Well, yeah. So is JORF. What makes it pop­u­lar is not its age, but that the age has made it pos­si­ble for Python to have been pop­u­lar for a long time. Yes, it's cir­cu­lar and a bit un­in­ter­est­ing, but pop­u­lar­i­ty is self­-prop­a­gat­ing.

The dif­fer­ence be­tween Python and JORF is that Python has a user­base, not age. And how did Python get it's user­base? By be­ing good.

It’s beginner-friendly

Yep. Al­so, the au­thor men­tions that dy­nam­ic typ­ing is nice for be­gin­ner­s. In­deed! And be­ing nice for be­gin­ners is why Python is one of the two ex­am­ples I can think of for a pro­gram­ming lan­guage re­plac­ing an­oth­er.

It's versatile

Oh yeah! When you are a ca­su­al or be­gin­ning pro­gram­mer, a gen­er­al pur­pose pro­gram­mer is a gift from the goods of com­put­ing.

Me? One of my first pro­gram­ming lan­guages was POCO, an in­ter­pret­ed C em­bed­ded in Au­todesk An­i­ma­tor PRO for DOS. Ver­sa­tile that was­n't, and in­deed forced me to have to learn oth­er lan­guages lat­er on. I would much rather have learned Python in­stead.

It's al­so why Python is pop­u­lar in ML and sci­en­tif­ic com­put­ing. Learn one be­gin­ner-friend­ly lan­guage and do stuff ... it's ex­hil­a­rat­ing.

Downsides of Python - and whether they'll be fatal

Based on the pre­vi­ous elab­o­ra­tions, you could imag­ine that Python will stay on top of sh*t for ages to come.

Well, no. The fu­ture is long.


Python is slow. Like, re­al­ly slow. On av­er­age, you’ll need about 2–10 times longer to com­plete a task with Python than with any oth­er lan­guage.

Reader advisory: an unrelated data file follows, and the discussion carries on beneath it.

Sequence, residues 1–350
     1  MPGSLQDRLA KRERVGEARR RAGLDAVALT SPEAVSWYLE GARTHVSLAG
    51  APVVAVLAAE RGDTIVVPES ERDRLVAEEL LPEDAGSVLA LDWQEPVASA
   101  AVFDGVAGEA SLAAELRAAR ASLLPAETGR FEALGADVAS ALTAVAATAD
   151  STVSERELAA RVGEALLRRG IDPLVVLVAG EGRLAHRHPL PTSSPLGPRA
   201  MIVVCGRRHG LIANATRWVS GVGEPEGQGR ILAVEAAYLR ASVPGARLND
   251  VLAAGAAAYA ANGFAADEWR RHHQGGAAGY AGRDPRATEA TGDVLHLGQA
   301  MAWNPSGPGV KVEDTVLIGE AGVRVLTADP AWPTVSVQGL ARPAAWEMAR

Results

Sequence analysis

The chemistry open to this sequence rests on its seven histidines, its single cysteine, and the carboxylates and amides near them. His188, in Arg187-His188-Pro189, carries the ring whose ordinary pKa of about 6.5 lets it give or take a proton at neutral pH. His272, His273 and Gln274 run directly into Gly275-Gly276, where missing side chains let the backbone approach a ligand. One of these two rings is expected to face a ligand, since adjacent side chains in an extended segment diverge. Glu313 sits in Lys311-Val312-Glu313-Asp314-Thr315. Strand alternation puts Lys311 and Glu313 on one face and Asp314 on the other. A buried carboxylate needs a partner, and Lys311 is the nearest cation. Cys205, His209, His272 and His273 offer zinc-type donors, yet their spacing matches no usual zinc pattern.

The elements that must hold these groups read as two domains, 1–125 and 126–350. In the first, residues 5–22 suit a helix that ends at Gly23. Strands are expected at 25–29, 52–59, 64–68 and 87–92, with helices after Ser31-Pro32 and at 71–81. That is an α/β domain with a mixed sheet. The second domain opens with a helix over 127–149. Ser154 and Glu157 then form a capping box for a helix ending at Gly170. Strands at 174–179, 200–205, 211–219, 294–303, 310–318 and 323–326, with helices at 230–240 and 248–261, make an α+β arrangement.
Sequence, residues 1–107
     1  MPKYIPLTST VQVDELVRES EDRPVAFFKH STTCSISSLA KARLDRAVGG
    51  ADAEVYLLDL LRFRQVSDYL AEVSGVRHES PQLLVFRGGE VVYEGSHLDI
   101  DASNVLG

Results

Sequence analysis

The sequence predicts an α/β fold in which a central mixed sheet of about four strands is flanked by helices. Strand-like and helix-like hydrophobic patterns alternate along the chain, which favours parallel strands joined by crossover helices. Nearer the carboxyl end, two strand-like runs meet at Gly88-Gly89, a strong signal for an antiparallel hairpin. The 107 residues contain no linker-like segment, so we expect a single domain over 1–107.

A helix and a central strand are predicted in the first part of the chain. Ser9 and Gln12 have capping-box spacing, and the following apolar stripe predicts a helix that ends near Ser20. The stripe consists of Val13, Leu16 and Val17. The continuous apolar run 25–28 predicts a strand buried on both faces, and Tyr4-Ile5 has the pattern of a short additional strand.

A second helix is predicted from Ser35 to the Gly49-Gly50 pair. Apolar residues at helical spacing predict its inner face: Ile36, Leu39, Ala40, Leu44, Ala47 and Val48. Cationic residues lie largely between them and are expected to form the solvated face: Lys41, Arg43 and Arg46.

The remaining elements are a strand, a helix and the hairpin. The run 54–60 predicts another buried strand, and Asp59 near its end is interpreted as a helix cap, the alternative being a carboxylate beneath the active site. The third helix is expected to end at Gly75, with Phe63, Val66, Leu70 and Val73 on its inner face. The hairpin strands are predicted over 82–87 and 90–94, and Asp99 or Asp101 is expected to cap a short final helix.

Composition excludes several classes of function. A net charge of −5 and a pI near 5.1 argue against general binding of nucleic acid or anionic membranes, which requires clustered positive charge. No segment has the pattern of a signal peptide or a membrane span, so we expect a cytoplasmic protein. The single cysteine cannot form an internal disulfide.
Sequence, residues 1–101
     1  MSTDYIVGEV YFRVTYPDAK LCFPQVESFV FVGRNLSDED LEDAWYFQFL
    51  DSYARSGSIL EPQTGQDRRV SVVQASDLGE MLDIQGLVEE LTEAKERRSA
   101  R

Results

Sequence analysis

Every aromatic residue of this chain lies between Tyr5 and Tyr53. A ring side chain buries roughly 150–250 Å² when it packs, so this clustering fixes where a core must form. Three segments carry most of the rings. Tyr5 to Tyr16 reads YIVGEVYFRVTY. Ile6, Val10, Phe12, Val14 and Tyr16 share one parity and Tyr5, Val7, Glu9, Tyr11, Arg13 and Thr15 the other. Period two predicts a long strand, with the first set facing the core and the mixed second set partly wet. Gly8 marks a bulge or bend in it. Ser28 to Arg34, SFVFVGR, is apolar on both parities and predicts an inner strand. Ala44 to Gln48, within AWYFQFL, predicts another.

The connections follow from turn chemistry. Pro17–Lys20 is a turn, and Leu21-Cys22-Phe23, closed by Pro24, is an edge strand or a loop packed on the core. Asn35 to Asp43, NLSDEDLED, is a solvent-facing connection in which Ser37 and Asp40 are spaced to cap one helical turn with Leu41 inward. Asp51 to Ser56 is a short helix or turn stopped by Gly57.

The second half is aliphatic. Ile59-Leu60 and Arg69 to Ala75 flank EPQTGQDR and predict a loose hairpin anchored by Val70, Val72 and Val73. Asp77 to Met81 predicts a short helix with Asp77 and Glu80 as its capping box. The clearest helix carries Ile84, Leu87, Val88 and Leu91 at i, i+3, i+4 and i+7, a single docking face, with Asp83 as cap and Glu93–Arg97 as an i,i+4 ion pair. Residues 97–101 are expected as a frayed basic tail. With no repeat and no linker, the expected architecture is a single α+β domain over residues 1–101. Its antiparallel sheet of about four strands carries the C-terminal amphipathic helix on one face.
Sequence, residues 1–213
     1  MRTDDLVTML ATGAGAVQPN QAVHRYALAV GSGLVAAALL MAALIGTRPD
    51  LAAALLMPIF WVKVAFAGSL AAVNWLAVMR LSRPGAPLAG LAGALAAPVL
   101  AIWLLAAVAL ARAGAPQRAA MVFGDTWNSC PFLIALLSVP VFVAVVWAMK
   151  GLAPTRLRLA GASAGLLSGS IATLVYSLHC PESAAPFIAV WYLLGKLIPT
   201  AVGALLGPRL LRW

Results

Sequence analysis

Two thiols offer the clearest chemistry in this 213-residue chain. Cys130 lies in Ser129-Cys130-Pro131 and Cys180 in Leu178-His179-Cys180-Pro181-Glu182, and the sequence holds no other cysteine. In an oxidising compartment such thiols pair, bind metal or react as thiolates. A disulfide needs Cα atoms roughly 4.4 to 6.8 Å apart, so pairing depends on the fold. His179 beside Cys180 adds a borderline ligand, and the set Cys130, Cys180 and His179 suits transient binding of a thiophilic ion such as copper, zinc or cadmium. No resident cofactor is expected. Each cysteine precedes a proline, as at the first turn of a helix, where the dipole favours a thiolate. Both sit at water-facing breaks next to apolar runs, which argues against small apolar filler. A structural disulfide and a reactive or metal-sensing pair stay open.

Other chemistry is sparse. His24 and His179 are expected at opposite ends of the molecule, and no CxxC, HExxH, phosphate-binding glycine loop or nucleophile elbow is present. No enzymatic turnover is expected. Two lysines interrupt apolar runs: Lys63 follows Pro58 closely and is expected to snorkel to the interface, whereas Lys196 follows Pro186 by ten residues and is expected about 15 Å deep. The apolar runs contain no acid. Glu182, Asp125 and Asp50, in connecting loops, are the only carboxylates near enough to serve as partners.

Oh, have not tried Ruby, have you, you sweet sum­mer child?

In any case: yeah, Python is not par­tic­u­lar­ly fast. I should trans­late my "Python faster than C" light­ning talk to eng­lish some­time. Us­ing just tool­ing, with­out chang­ing the code it­self, Python can have a vari­a­tion in per­for­mance of 100x. 3

Here you can see it with sub­ti­tles if that's ok.

An­oth­er rea­son is that Python can on­ly ex­e­cute one task at a time. This is a con­se­quence of flex­i­ble datatypes — Python needs to make sure each vari­able has on­ly one datatype, and par­al­lel pro­cess­es could mess that up.

No. Nope. No no no no no no no. Not touch­ing that. But no.

In the end, it does­n't mat­ter be­cause ...

[...] none of the speed is­sues mat­ter. Com­put­ers and servers have got­ten so cheap that we’re talk­ing about frac­tions of sec­ond­s. And the end us­er does­n’t re­al­ly care whether their app loads in 0.001 or 0.01 sec­ond­s.


Yes, Python is dy­nam­i­cal­ly scope­d. How­ev­er ...

Python tried to tran­si­tion to stat­ic scop­ing, but messed it up. Usu­al­ly, in­ner scopes — for ex­am­ple func­tions with­in func­tions — would be able to see and change out­er scopes. In Python, in­ner scopes can on­ly see out­er scopes, but not change them. This leads to a lot of con­fu­sion.